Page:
Topic: ENVITA'S protection for lyme drs increases as treatment guidelines are revised 8.6.09
Protection for Lyme Physicians Increases as Treatment Guidelines are Revisited
On July 16, 2009, Connecticut Governor M. Jodi Rell signed into law a bill that protects physicians who treat chronic Lyme Disease.
The bill passed unanimously through both houses of the Connecticut General Assembly.
The new law is a victory for patients and physicians alike.
Chronic Lyme patients have found that doctors are extremely hesitant to treat them for the disease as the Infectious Disease Society of America (IDSA) does not recognize chronic Lyme Disease, and their guidelines state that patients should receive no more than four weeks of antibiotic treatment.
Treatment of chronic Lyme Disease, however, often requires long-term antibiotics, a practice for which physicians are being reprimanded by both medical boards and insurance companies who cite the IDSA guidelines.
Some physicians have even lost their licenses for extended antibiotic treatment.
The end result is a ``chill effect'' whereby patients have to travel in search of doctors who will treat them for chronic Lyme Disease.
But under Connecticut's new law, physicians cannot be subject to disciplinary action for treating a patient with long-term antibiotics, so long as the Lyme disease diagnosis and treatment is documented in the patient's record by the physician.
The new law undoubtedly protects physicians' rights to treat their patients the way they see fit.
In a July 16, 2009 press release issued by the Governor's Office, Governor Rell stated that ``We do understand. We understand that this disease can shatter lives. We understand it can rob someone of their livelihood. We understand it can alter someone's future forever.''
She noted that ``It is a very complex disease that can affect people differently. We recognize that Lyme disease patients must have the freedom to choose which treatment best meets their needs.''
In passing this new law, Connecticut joins New York, New Jersey, Rhode Island, and California in explicitly protecting physicians' treatment of chronic Lyme Disease.
Lyme disease was first discovered in Lyme, Connecticut in 1975. Given that Connecticut is viewed as the epicenter of the disease, it is hoped that Connecticut's passage of this law will encourage other states to do the same.
The bill, however, endured its fair share of controversy. Several opponents testified and wrote letters stating that chronic Lyme disease is not supported by any published scientific data, and instead, is promoted by a small group of physicians.
But the voices of these opponents were completely drowned out by the number of patients, doctors, and advocates who supported the bill.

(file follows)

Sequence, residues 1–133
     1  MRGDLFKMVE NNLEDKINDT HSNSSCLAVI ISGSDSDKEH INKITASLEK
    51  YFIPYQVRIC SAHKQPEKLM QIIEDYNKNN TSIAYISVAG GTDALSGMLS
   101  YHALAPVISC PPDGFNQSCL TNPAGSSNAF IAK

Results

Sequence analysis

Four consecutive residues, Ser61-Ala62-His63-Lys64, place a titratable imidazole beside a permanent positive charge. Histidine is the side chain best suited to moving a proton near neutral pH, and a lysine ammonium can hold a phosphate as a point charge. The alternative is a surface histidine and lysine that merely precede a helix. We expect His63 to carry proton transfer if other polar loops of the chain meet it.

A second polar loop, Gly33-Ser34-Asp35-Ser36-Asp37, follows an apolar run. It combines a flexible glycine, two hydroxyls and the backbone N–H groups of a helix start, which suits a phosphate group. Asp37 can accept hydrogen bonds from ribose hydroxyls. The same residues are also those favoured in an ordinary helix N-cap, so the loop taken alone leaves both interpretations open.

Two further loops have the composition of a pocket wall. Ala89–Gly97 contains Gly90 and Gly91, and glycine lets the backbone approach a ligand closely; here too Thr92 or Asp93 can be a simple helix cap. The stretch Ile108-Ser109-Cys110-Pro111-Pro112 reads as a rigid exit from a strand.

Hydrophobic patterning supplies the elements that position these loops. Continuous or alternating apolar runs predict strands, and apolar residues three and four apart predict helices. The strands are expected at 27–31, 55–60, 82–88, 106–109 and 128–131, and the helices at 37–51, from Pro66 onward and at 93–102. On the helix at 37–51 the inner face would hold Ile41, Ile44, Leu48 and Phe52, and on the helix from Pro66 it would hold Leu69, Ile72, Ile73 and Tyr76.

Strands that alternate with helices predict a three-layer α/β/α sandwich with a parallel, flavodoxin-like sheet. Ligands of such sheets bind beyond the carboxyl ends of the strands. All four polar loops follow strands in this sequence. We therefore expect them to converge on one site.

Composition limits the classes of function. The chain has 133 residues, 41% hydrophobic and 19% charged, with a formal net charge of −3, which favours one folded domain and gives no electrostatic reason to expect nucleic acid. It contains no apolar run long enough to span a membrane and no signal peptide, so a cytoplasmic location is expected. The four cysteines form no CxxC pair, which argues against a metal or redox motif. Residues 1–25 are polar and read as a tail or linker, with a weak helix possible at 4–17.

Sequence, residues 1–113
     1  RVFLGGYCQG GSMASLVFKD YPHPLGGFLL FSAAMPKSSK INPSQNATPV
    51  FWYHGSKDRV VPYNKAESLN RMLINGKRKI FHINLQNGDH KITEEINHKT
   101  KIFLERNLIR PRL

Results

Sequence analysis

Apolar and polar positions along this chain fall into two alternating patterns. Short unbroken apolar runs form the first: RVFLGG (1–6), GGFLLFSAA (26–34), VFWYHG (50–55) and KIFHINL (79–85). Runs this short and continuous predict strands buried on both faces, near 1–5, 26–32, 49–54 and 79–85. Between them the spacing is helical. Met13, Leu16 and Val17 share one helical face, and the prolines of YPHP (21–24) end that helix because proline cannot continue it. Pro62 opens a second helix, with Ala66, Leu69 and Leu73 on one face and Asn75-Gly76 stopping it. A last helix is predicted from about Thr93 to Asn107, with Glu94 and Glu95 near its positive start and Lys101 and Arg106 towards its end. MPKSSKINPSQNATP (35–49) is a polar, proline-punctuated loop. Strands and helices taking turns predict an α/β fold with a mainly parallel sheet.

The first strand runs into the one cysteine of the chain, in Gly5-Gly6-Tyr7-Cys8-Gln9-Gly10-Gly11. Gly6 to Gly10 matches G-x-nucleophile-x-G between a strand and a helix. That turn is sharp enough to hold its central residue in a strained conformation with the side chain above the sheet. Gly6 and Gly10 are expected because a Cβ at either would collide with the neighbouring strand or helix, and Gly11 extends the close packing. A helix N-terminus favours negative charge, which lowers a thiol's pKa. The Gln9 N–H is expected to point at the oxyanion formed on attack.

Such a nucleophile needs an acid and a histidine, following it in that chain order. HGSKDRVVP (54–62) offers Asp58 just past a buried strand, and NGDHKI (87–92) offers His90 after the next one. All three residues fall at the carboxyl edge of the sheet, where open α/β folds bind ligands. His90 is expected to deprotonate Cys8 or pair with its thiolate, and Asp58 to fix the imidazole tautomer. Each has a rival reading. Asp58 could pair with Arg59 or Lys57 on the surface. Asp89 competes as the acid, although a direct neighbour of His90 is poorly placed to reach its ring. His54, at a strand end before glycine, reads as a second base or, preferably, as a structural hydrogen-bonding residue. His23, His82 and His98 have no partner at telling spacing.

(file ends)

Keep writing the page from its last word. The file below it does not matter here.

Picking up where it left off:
The controversy ultimately stems from the 14-member panel of the IDSA that wrote the 2006 Lyme disease treatment guidelines, which deny the existence of chronic Lyme disease.
The IDSA is a national medical group whose purpose, according to its website, is to improve healthcare in areas related to infectious diseases.
But these guidelines have been widely criticized as inadequate and disastrous for those infected with the disease.
According to a recent John-Hopkins study, the IDSA-endorsed two-tiered testing procedure misses 75% of positive Lyme cases. (1)
The guidelines also recommend only two to four weeks of antibiotic treatment for Lyme disease, yet research has shown that antibiotic treatment for 14 to 21 days results in a 26-50% failure rate, as the stubborn disease-causing bacteria persists much longer in the body. (2), (3)
In dismissing the existence of chronic Lyme disease, one panel member instead characterized it as ``more related to the aches and pains of daily living rather than to either Lyme disease or a tick-borne co-infection.''
Out of the 400 scientific articles cited by the panel as support for their guidelines, about half were written by the panel members themselves.
Meanwhile, a large body of contradictory scientific literature was ignored.
The Attorney General of Connecticut, Richard Blumenthal, even conducted an anti-trust investigation of the IDSA, suspecting that the guidelines process was tainted by the panel members' conflicts of interest.
Out of the 14 member panel,
6 of the panelists or their universities hold patents associated with Lyme disease or its co-infections;
4 received funding from test kit manufacturers for Lyme disease or its co-infections;
4 were paid by the insurance companies to write Lyme policy guidelines or serve as consultants in legal cases; and
9 members or their universities received money from Lyme disease vaccine manufacturers.
Allowing diagnostic and treatment guidelines to be written by panel members who are tied to manufacturers that have a stake in the outcome raises serious and obvious concerns.
Attorney General Blumenthal charged that the panel's guidelines were preventing many seriously ill patients from receiving the care they needed.